Keeping the Lights On During Banned Books Week

Cynthia Compton - September 23, 2019

It’s Banned Books Week again (did that 12 months fly by, or have I reached the bookselling age* when every season change seems prematurely upon us?) and I have been thinking about this year’s theme: Censorship Leaves Us in the Dark: Keep the Lights On!, both as an illuminating display prompt and as a personal bookselling reconciliation exercise. As I pull challenged titles from the shelves each year to make our own store display and hold each book in my hands for just an instant, I think about who I might handsell it to. I consider which young readers I know personally who are ready for that book, might not have read it, or might be aware of it but have never picked up a copy from their school library or their own family bookshelf. I think about how often we might talk about those books in our regular sales day… and sadly, it’s often not very much. Some titles are simply “classics,” and sell themselves through reading lists or reputation, with customers never knowing that the very title they are holding has been challenged in school systems or public libraries, or removed from curriculum because of someone’s vocal objection to content. Some are just bestseller backlist, such as those titles with strong commercial appeal, or a Netflix series or film notoriety that sparks reader curiosity (“Oh, look, they made that movie into a BOOK, Mom! Can I get it?”) Again, those young readers may never know that Harry and Bella and Katniss and Hannah were all in danger outside the plot of their stories, and their very existence on the shelves is a victory against censorship.

I have been reflecting, too, on a subtler kind of censorship, the one that happens on our sales floor. With no malicious intent, but without careful thought and deliberate care, it is easy to fall into bookselling traps that limit the titles we present to young readers and their parents. I could never imagine myself or my staff speaking to a school board or media specialist protesting a title’s inclusion in a  classroom collection, or requesting an outright ban….  but when we select, dozens of times each day, which books to handsell to customers, are we following tired scripts that keep readers from stepping outside their world view, and opting to avoid potentially awkward conversations with parents and grandparents who are purchasing books as gifts? Surely, we are businesses that need to move books, and must meet each customer where they are and encourage their choice of an indie store to seek reading recommendations. But in my haste to meet their needs and offer three or four “just right” titles (then wrap the two they select, swipe their credit card, and get them to the carpool line), am I choosing expedience over widening horizons of our young readers? Am I, in fact, censoring readers by my own book recommendations? In talking about just this topic with my staff, we listed the most common ways we see this occurring in our store:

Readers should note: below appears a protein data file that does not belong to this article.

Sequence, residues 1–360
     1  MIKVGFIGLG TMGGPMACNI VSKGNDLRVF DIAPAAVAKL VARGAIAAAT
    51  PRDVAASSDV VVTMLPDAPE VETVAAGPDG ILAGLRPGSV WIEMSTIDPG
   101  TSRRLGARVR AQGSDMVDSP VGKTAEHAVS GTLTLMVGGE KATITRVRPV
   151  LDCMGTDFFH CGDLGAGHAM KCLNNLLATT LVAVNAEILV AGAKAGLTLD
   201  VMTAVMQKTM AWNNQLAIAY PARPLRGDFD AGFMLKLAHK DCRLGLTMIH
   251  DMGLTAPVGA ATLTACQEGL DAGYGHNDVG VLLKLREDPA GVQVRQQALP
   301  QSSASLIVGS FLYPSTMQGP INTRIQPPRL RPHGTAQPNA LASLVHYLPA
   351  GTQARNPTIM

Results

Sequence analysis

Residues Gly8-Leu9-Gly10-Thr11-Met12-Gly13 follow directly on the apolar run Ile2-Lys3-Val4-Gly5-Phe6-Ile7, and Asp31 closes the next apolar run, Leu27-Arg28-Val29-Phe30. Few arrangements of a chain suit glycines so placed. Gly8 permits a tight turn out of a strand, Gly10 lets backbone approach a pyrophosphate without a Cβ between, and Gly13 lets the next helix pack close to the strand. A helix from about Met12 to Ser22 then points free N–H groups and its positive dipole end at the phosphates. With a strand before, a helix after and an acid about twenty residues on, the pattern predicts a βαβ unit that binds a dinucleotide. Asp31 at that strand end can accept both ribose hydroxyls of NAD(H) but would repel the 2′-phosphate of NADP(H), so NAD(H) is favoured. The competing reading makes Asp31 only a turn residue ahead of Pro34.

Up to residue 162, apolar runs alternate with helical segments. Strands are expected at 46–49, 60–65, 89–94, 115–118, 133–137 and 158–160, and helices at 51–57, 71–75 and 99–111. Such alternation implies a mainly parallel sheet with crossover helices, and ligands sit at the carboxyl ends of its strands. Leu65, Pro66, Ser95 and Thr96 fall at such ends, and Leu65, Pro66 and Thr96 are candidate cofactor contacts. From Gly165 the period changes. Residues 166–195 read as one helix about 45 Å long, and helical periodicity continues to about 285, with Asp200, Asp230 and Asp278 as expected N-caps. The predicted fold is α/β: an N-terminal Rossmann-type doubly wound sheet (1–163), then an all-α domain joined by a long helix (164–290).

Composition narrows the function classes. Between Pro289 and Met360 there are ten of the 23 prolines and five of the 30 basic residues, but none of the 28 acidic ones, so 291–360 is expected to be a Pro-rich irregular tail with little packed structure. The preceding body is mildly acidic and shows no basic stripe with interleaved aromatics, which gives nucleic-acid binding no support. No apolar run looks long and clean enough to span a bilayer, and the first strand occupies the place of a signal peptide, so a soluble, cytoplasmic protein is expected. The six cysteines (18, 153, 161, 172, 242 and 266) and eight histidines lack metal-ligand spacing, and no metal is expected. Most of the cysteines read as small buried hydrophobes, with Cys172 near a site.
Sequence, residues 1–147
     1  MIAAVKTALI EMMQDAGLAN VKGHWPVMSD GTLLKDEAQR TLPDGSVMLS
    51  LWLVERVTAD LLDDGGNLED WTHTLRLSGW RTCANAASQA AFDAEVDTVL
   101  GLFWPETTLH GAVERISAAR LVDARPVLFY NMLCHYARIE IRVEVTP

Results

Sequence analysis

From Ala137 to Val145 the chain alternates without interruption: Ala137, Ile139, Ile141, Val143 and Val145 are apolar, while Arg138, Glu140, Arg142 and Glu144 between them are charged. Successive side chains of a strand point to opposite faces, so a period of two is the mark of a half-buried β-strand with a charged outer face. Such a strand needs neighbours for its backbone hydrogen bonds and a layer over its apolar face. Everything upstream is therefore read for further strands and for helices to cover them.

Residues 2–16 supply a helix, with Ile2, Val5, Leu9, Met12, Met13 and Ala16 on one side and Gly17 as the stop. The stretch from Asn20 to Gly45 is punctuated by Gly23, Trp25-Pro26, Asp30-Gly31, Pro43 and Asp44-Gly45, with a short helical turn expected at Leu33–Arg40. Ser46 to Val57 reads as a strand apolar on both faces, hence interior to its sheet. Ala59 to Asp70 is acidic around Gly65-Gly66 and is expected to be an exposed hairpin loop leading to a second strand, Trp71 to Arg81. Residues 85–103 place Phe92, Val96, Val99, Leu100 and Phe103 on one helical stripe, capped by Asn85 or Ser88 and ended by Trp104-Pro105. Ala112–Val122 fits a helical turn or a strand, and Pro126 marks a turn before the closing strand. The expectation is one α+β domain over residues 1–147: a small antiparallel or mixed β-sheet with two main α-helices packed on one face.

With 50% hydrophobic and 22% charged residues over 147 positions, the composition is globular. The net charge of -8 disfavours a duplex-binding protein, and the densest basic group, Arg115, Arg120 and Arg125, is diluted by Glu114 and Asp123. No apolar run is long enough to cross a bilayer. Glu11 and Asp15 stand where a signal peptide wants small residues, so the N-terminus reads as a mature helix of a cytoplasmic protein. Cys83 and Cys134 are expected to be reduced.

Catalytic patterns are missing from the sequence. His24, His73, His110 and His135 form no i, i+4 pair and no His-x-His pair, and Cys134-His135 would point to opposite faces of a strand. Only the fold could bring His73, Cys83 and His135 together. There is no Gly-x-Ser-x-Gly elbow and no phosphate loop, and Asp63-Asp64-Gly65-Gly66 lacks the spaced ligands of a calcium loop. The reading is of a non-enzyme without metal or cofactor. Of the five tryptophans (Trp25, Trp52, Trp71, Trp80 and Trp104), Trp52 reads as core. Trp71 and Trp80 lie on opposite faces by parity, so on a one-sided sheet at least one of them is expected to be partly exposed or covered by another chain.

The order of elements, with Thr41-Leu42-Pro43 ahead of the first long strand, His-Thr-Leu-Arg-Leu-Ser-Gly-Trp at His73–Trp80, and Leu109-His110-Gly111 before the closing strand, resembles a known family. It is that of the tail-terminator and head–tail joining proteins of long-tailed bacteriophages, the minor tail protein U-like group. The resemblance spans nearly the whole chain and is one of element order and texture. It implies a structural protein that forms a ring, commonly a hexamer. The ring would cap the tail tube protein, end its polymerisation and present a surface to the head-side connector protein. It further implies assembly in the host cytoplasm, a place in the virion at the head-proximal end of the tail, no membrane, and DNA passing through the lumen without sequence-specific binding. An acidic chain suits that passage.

Gendering books: Yes, we know full well that there are no “boy books” and “girl books,” but how easy is it to fall into the trap of the stack of sparkly covers for girls? In a year when “girl power” books are thick as the leaves collecting on our front sidewalk, if you don’t grab an early chapter series with glitter and cute animals on the covers for an 8-year-old girl’s birthday and wrap it in matching unicorn/llama/woodland creature paper, there’s an entire section full of “Inspiring Women” titles, from pioneers in science and politics to coders and astronauts. But how often do we offer either of those categories to boys? Not very often, in my experience. We’re pretty comfortable talking about plot over character gender when it comes to middle grade and young adult fiction, but there is no doubt that we shortcut the handselling process in ways that limit and define readers by the construct of gender.